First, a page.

Global mergers and acquisitions (M&A) have seen their strongest developments in four decades in the first quarter of this year as special purpose acquisition companies (SPACs) keep doing well, the Financial Times (FT) reported.
This comes even as the pandemic has dealt blows for the global economy, with lockdowns and other related restrictions. There were around $1.3 trillion in deals agreed to in the past three months that ended Tuesday (March 30), more than any first quarter since 1980, according to FT. The amount was even better than the heralded dotcom boom of the late 1990s/early 2000s.
The data showcases the way dealmaking activity has recovered in the past year since the pandemic sent numbers plummeting, FT reported. U.S.-based deals were responsible for much of the frenzy, and they were boosted 160 percent compared with the first quarter of 2020.
The new urgency has given investment banks their best quarter in at least two decades, and they’ve brought in $37 billion in total fees, according to FT.
In the U.S., SPACs totaled $172 billion — or more than a quarter of all deals. SPACs have also been taking on larger deals, with Tesla rival Lucid Motors having the largest to date from February this year when it said it would be going public with $24 billion with a company helmed by Michael Klein, FT reported.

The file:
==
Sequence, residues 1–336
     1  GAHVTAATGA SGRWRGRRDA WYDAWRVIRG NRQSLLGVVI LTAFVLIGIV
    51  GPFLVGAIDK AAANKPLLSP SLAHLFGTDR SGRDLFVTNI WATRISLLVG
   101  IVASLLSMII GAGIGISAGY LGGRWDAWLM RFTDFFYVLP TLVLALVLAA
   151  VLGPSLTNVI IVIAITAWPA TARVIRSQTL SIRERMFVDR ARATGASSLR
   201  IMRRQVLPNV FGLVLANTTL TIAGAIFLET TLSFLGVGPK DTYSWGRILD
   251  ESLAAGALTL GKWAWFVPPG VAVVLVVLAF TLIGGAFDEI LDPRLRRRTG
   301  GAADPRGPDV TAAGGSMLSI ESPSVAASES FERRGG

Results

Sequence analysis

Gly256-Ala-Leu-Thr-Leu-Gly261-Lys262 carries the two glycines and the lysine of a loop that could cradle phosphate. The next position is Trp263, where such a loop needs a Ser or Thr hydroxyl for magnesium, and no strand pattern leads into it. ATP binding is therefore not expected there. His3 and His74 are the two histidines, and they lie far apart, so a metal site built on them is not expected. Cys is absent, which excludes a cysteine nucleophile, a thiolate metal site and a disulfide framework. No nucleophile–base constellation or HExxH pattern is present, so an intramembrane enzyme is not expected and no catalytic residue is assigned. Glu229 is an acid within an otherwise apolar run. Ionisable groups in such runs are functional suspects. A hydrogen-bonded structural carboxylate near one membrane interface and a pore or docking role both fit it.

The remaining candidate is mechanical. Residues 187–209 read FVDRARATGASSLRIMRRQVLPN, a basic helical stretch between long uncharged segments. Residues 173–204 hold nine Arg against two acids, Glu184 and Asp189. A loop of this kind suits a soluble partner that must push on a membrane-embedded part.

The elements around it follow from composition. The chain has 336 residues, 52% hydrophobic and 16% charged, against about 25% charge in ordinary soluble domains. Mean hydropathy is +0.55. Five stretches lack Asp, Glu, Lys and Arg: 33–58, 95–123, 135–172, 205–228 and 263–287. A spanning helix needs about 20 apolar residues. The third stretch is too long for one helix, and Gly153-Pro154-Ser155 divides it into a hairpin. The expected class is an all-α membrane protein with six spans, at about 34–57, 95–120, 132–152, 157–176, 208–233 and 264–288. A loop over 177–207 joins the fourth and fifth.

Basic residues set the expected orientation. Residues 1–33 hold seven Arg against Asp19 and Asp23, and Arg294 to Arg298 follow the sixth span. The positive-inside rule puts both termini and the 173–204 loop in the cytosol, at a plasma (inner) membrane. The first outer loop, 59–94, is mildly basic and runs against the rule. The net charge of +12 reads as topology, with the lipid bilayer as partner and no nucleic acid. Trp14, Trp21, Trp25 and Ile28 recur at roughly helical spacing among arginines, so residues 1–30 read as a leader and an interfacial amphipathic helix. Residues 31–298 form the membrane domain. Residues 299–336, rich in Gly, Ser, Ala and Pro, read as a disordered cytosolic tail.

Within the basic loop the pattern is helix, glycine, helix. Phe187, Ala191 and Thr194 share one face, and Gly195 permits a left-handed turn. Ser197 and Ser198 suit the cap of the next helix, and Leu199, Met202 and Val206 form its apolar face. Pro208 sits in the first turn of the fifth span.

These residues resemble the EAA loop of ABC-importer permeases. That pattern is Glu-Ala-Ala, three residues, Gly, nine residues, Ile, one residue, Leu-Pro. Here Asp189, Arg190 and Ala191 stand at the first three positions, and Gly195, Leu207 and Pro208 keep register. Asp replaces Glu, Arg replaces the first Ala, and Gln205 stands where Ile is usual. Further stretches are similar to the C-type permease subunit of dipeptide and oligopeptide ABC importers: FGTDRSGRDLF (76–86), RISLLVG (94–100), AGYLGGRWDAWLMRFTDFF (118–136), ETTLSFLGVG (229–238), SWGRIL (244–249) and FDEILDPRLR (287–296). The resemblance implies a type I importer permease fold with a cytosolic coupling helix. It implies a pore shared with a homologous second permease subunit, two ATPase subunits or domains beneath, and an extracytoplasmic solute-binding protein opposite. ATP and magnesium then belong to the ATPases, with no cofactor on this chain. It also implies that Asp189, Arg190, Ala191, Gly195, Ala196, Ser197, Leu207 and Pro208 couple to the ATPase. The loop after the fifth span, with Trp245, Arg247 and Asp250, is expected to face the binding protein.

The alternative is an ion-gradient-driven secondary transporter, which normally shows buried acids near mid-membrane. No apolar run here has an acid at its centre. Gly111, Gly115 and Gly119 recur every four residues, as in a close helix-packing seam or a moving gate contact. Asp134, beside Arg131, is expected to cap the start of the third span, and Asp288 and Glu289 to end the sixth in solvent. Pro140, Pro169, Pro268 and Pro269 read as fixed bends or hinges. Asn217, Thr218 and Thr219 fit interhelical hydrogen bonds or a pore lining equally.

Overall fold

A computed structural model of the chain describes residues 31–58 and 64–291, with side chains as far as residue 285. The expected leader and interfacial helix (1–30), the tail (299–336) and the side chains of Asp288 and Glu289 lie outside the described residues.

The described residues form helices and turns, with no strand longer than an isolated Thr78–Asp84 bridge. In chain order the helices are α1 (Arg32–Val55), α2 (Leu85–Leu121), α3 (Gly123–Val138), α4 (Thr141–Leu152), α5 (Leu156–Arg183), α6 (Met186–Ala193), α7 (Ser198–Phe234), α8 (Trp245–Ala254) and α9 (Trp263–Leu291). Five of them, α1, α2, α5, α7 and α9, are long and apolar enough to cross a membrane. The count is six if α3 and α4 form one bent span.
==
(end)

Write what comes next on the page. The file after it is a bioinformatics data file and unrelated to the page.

In addition, online broker eToro said it would be going public in a $10 billion transaction with a SPAC, this one arranged by banking tycoon Betsy Cohen, according to FT.
SPACs have been seeing a new level of popularity this year so far, with the method gaining a record number of use cases, PYMNTS reported. So far in 2021, SPACs have raised more than the $83.4 billion they raised in all of 2020, according to industry tracker SPAC Research, which reported that the $200 million initial public offering (IPO) of Build Acquisition Corp. March 16 was the one that catapulted the SPAC values over the record.